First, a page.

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About me

AS Senior Lab Manager

I have previously been working as a Senior Researcher in the area of neuroscience at KI and Umeå University with a main focus on two major hallmarks of Alzheimer’s disease i.e., impairment of nicotinic acetylcholine receptors and accumulation of beta amyloid protein in the brain of affected patients. Since Jan. 2013, I am employed as Senior Lab Manager at the Division Molecular Toxicology where I deal with administrative responsibilities including implementation of electronic laboratory notebooks, procurement and maintenance of laboratory equipment, implementation and follow-up of safety measures in the laboratory, risk assessment of chemicals and experimental procedures, handling invoices, and so on. In addition, I am involved in course organizing, teaching and supervising of PhD students and post docs, collecting and adapting protocols for common procedures as well as specific research in the field of inflammation (above).

I am also acting as:

- The department's director of flammable material
- The unit's safety officers
- The unit's editor of website


2009-   Post-doc at the Cell Biology & Nutrition, University of Houston. TX, USA

2004-   Postdoc at Department of Neuroscience, Health care and Society, Karolinska Institute, Sweden

2003-   Doctoral Degree at Department of Neuroscience, Health care and Society, Karolinska Institute, Sweden

2001-   Medical licentiate at Department of Neuroscience, Health care and Society, Karolinska Institute, Sweden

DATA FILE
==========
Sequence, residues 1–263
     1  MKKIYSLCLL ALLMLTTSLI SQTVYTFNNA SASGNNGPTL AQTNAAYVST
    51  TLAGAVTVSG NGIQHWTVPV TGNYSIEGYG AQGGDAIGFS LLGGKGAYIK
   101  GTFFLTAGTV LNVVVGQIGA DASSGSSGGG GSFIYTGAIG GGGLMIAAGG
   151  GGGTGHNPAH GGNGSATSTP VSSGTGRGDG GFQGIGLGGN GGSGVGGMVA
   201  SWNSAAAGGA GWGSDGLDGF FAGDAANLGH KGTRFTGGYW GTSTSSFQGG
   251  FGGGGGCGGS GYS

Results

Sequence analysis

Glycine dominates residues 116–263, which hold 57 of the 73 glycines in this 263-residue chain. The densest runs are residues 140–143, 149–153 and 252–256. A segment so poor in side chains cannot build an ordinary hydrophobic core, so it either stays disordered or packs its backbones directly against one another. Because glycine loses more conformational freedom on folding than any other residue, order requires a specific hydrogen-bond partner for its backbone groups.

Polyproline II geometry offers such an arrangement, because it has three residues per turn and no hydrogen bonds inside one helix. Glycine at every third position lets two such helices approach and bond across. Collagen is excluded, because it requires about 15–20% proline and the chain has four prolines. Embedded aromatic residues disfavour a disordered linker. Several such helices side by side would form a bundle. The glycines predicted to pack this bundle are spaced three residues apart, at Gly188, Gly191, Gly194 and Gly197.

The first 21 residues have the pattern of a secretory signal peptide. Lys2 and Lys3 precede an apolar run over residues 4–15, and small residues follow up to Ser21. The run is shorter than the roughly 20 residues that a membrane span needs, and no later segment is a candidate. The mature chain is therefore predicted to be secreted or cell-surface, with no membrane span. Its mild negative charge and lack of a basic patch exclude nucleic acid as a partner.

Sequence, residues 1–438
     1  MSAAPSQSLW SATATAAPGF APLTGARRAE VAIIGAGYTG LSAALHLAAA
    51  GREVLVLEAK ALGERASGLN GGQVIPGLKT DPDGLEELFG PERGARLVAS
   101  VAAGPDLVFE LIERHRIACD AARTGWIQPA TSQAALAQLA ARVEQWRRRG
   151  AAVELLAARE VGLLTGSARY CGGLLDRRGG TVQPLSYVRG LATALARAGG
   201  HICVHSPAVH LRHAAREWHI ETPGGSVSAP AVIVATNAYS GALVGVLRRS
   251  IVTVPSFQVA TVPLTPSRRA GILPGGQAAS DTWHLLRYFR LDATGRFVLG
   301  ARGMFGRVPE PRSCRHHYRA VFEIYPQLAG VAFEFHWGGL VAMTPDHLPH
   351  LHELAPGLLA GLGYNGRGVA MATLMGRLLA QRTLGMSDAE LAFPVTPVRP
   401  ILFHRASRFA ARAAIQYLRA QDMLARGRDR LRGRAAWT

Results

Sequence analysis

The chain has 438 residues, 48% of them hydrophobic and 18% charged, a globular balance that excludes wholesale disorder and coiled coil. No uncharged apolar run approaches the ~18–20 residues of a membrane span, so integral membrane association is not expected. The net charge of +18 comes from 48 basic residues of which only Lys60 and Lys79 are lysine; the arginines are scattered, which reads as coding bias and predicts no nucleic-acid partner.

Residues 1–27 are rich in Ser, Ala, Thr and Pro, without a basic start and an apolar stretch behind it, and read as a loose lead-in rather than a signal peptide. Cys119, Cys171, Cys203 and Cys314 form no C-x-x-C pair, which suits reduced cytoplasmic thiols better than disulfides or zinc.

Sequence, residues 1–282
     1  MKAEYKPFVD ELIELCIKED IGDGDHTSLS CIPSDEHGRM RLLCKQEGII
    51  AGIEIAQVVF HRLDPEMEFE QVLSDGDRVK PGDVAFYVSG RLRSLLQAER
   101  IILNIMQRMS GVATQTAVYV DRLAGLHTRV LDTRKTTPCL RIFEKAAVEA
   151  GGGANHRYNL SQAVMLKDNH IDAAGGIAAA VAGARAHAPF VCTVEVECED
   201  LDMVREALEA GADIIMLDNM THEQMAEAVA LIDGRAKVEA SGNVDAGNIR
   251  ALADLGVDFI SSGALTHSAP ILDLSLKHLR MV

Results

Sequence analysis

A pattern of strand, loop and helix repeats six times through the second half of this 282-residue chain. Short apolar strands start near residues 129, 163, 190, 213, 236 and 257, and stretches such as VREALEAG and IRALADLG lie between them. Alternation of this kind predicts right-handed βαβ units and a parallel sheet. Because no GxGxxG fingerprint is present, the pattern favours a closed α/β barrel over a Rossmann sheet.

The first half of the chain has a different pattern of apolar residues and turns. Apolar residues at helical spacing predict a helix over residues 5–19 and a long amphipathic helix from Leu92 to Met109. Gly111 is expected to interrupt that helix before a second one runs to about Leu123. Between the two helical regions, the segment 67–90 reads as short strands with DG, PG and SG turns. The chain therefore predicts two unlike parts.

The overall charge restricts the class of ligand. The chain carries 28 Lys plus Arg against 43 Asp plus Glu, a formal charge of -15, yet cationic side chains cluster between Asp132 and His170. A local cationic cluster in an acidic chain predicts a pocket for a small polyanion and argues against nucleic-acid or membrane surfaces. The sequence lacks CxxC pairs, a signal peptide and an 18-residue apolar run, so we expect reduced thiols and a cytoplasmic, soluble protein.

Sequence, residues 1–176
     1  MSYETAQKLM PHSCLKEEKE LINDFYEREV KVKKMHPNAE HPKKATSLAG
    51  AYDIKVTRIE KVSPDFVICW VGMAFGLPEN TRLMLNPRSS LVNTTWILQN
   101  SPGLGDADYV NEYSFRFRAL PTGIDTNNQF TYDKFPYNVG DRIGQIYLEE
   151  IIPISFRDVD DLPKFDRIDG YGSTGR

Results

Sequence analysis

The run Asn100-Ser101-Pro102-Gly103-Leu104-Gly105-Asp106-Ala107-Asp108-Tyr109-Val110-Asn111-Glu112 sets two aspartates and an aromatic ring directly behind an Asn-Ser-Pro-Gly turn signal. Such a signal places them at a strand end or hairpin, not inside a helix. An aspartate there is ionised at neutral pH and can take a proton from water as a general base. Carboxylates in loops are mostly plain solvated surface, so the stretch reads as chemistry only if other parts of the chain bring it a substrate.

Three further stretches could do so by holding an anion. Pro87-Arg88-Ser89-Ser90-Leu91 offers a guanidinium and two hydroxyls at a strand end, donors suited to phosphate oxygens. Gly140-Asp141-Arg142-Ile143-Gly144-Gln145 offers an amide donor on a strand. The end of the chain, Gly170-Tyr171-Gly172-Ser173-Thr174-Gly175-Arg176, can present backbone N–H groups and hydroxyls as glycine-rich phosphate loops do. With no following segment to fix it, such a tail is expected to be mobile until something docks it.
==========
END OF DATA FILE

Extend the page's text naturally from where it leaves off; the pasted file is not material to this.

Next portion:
1999-   Master's Degree in Biomedical Laboratory Science at Karolinska Institute, Sweden

Research description

Programmed cell clearance and its role in inflammation

Tissue homeostasis is maintained through the concerted actions of programmed cell death and programmed cell clearance. The latter is a genetically programmed mechanism for the disposal of apoptotic cells by phagocytic cells including macrophages. Deficits in any part of this machinery may result in chronic inflammatory and autoimmune related disease. Thus, these deficits need to be discovered and therapeutic steps need to be taken. To date, some proteins and enzymes such as aminophospholipid translocase or phospholipid scramblase have been suggested to play important role in mechanisms of phagocytosis but we are far from uncovering all the involved cellular mechanisms that regulate the recognition and removal of dying cells by macrophages. The goal of our research is to investigate the mechanism of apoptosis and phagocytosis and to study specifically the role of neutrophils and the production of so-called neutrophil extracellular traps (NETs).


Euroethics--a database network on biomedical ethics.
Gavel Y, Andersson P, Knutssøn G
Health Info Libr J 2006 Sep;23(3):169-78

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